The Licking County Library has added a patron service that sends text messages to tell users about items on hold, checked-out items about to be due and overdue items.

The Licking County Library has added a patron service that sends text messages to tell users about items on hold, checked-out items about to be due and overdue items.

The service, which is free to both the patron and the library, is part of a package of services offered by a statewide library consortium, Serving Every Ohioan.

Director Babette Wofter said the SEO consortium is in part a response to the changing funding mix for public libraries, as state support drops and local levies pick up the slack.

"Our (state-provided) funding has been reduced 25 percent to 30 percent in the last few years," Wofter said.

Fortunately for the library system, voters in Licking County last spring approved a five-year, 1-mill levy that will enable the library to increase its budget from a current $2.6-million to $3.8-million in the next few years. That will allow the library to restore some services that have been cut and add new services.

"For planning purposes, we are hopeful that state funding will be the same (next year as this year)," Wofter said. "With the levy, we expect to add more to our materials budget."

The texting service is part of the SEO consortium, for which the library pays $35,000 annually to be a member. The service provides both cataloging assistance and other common services, and also allows the library to expand its home collection of 300,000 items into a statewide collection of more than 6-million items.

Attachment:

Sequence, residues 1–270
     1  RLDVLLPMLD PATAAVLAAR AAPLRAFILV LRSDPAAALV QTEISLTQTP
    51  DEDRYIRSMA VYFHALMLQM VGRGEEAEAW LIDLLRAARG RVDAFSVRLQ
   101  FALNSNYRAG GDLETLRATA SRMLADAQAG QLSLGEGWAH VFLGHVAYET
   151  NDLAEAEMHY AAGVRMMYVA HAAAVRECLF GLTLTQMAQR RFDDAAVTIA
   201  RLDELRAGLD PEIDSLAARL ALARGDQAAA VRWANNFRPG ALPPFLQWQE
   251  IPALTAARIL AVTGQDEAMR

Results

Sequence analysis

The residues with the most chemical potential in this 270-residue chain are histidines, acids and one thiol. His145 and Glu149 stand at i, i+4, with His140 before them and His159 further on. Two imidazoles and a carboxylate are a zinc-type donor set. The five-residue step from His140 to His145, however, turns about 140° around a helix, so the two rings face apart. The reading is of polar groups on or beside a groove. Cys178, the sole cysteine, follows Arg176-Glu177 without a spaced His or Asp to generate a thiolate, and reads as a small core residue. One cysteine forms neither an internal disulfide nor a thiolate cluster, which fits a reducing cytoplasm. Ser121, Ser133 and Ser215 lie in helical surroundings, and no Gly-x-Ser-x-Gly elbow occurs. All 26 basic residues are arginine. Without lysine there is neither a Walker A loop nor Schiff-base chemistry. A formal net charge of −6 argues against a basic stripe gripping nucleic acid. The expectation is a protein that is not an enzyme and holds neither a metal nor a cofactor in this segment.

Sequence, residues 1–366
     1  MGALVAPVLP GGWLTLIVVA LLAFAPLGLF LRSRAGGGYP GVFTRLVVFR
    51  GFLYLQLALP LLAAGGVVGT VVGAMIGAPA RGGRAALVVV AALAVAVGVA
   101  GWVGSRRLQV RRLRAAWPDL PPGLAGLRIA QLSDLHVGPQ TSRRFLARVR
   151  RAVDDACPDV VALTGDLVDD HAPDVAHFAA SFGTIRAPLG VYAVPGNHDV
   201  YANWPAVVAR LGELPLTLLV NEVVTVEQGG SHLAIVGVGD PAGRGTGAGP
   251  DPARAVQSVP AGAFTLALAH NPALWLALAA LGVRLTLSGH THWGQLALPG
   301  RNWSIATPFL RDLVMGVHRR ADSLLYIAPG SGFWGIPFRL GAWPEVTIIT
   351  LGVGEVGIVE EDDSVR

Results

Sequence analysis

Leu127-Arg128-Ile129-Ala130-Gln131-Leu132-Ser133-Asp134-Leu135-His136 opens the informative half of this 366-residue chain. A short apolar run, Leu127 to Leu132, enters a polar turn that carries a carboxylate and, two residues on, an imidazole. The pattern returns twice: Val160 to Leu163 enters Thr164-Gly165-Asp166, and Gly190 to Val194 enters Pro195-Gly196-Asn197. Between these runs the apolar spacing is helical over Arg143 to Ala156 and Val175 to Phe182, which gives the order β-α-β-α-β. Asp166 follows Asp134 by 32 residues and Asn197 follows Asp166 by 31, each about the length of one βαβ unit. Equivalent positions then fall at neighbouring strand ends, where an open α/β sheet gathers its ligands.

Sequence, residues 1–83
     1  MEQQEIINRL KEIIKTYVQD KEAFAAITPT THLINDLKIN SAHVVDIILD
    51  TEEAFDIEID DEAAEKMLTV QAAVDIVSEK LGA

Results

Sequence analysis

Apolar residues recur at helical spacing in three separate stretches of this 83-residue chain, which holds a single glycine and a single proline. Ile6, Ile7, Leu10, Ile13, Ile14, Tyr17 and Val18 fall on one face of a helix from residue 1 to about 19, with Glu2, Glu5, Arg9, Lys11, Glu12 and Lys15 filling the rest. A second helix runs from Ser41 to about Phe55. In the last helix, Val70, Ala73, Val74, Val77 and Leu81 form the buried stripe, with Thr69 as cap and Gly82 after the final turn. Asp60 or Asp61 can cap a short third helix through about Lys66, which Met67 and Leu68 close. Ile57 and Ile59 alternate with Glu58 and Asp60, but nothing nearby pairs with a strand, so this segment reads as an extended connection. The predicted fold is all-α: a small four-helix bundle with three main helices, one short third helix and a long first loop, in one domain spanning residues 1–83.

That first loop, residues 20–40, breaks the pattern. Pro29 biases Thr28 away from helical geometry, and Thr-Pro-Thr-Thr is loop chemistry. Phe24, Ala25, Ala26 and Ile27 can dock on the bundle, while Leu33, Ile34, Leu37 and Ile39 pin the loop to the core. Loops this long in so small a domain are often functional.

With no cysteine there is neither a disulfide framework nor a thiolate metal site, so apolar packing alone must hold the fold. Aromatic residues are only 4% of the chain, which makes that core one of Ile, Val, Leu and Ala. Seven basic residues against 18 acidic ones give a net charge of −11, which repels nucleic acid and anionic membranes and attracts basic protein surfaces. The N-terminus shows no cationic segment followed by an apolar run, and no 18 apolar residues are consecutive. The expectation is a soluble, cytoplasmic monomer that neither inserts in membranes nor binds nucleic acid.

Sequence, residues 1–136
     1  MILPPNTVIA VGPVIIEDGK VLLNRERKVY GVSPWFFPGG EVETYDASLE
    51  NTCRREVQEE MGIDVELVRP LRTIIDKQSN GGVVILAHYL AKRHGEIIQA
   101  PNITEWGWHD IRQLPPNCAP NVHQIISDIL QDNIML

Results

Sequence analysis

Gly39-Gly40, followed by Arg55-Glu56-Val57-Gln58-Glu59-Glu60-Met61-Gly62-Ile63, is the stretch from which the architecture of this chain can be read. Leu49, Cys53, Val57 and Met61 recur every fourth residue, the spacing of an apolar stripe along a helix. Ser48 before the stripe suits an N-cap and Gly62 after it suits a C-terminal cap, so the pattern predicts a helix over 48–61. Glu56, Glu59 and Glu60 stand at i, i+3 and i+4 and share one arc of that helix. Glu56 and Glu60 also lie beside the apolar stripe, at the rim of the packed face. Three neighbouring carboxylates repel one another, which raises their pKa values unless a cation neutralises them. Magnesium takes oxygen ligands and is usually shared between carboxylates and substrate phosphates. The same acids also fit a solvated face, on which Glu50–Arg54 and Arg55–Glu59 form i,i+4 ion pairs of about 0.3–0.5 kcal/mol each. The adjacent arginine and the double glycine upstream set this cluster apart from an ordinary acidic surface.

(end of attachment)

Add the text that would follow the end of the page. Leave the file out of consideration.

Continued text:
She said the text messaging service is popular.

"I've been out and about in the branches, and I'm told people are taking us up on the offer," Wofter said. "When they register for a library card, we ask for a cell phone number, and if they would like text messages that's something we'll do. It's automatically generated if they have something on hold, a three-day courtesy reminder that something is due, and then if something is overdue. It saves us money on postage."

Technology is changing rapidly enough that it was only a relatively short time ago that the library began offering e-mail notifications. Now, even email is becoming an "old" technology.

"We have been doing e-mail notices for less than five years," Wofter said. "We're finding though that even e-mail is becoming kind of dated, and we're trying to keep up with how folks want to receive information.

"This is just another way of telling people what they want to know."

The amount of money collected this year from fines is down, but Wofter is not sure if this is because the new services are more effective at stimulating users to return materials on time, or if the economy is affecting user's behavior.

Wofter said libraries are becoming community information centers, expanding beyond print material.

"We have downloadable ebooks, public Internet access, we're a lot more than books," she said.